Mushroom farm promoted by women associated with Sangkosh Cooperative. Photo: Sarita Shrestha/Republica
DHADING, Feb 16: Women from Damgade Batase-12, Nilkantha Municipality of Dhading have started group mushroom farming through cooperatives to generate income. The group's first harvest of mushroom has already found buyers in the district.
According to Shusila Kumal of Batase-12 of Nilkantha Municipality, women farmers are attracted to organic farming as the use of pesticides has negative health effects on people.“We were limited to housework in the past but now we are engaged in mushroom farming,” she said, “The demand has increased as the organic mushrooms are sold for Rs 200 per kilogram in the local market.”
Women associated to Sangkosh Women Agriculture Cooperative which was established with an aim to improve financial and social status of women farmers have started commercial mushroom farming for the first time. The women used to do farming in small scale for household consumption but now they have started producing for commercial purposes as well. Women of Lamgade have started making it a good source of income as the demand for their produce is growing.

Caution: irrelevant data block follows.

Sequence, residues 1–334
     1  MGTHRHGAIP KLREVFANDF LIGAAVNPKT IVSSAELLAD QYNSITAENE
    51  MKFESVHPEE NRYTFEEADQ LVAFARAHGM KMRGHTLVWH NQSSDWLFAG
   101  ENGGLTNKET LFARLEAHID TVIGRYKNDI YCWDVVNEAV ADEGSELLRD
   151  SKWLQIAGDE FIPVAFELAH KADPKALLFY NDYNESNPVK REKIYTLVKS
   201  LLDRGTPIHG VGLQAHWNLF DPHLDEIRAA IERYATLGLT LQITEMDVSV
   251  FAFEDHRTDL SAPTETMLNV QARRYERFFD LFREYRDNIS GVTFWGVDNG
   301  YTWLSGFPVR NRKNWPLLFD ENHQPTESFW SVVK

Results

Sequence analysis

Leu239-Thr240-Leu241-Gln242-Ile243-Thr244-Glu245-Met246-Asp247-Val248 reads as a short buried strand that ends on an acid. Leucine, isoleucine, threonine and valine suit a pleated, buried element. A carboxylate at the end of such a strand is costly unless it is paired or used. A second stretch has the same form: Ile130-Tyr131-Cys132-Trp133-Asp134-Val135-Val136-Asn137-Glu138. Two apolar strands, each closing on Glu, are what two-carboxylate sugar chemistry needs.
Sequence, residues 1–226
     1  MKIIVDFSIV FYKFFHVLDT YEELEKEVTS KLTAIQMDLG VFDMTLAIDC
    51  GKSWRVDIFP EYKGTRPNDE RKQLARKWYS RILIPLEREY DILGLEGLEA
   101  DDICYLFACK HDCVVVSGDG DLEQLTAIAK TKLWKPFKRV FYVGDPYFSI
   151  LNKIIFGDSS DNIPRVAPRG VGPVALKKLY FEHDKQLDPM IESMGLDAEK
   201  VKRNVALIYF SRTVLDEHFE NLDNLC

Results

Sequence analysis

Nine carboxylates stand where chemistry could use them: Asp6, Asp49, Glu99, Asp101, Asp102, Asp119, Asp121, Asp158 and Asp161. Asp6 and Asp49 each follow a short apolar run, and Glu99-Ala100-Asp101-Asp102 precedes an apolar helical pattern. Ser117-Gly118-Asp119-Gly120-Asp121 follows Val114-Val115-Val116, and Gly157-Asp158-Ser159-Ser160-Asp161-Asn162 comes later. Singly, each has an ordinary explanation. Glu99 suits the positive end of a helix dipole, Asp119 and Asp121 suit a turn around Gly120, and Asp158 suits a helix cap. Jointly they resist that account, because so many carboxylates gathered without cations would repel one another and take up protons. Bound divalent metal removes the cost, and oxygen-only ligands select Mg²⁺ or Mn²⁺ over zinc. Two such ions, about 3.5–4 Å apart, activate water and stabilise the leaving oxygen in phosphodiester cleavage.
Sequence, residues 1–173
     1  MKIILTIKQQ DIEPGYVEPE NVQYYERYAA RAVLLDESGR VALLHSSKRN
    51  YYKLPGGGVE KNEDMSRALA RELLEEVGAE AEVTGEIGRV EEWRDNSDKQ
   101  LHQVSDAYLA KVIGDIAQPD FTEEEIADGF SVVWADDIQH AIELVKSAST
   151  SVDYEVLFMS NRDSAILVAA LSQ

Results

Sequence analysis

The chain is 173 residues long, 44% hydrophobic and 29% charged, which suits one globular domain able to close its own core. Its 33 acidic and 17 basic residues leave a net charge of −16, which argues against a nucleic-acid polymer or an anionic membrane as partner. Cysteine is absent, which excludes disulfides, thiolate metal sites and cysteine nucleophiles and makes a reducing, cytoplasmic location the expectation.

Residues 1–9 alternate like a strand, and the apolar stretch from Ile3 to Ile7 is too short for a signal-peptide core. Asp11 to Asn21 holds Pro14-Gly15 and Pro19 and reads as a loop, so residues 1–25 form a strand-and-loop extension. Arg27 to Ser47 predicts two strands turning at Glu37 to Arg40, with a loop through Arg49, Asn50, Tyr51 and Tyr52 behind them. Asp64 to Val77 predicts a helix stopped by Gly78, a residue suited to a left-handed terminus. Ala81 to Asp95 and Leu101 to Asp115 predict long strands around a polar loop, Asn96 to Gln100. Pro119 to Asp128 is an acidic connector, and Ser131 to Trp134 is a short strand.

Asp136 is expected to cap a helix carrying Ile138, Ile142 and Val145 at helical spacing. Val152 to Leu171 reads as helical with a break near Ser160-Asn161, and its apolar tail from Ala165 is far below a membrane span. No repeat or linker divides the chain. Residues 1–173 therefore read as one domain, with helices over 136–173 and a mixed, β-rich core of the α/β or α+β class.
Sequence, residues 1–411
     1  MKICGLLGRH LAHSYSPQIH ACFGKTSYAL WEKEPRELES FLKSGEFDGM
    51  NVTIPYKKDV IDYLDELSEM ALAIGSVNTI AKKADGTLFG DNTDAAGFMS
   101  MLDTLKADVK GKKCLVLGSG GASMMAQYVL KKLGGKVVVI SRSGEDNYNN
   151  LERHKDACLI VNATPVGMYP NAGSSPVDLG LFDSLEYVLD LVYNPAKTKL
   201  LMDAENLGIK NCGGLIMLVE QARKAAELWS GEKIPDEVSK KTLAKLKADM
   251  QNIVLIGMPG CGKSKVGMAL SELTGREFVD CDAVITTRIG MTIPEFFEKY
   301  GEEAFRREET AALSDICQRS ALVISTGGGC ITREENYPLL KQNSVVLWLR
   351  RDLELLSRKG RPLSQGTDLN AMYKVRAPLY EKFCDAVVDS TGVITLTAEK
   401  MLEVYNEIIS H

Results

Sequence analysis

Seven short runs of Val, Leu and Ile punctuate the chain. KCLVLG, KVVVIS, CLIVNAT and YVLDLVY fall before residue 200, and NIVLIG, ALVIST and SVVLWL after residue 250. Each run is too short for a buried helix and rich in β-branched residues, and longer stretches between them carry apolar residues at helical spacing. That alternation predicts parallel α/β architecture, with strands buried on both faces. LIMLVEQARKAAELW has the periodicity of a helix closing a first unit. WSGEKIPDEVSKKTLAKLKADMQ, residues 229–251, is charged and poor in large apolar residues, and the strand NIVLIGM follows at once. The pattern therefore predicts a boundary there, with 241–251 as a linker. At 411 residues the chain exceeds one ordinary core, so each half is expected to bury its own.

The Agriculture Knowledge Center, Dhading had trained the women for commercial production of mushroom. Kumal said that women used to borrow money for daily necessity but now they have their own source of income and have become self-reliant. “We have gotten the chance to get involved in commercial mushroom farming through the cooperative,” she told Republica. “This helps us with daily household expenses and we don't need to depend on anyone.”
Sanumaya Raut, a farmer said that if market can be managed according to the production, women can be self-reliant. “Though there was no market in the beginning, customers visited our houses for the product,” she shared, “If the local level managed the market as per our production, the income would increase.”
Mushrooms are sold for as much as Rs 270 per kilogram from local farms. Just like Sangkosh, women with their associations to more than 10 women cooperatives, are financially benefiting from group mushroom farming. The income will be used for household expenses and also for empowerment of rural women and development.
Chairperson of Sangkosh Women Agriculture Cooperative, Pampha Nepali said that the mushroom farming has been started to make women self-reliant through agriculture. “Women are interested in mushroom farming as it can be started with less investment and work but gives out good income,” she said.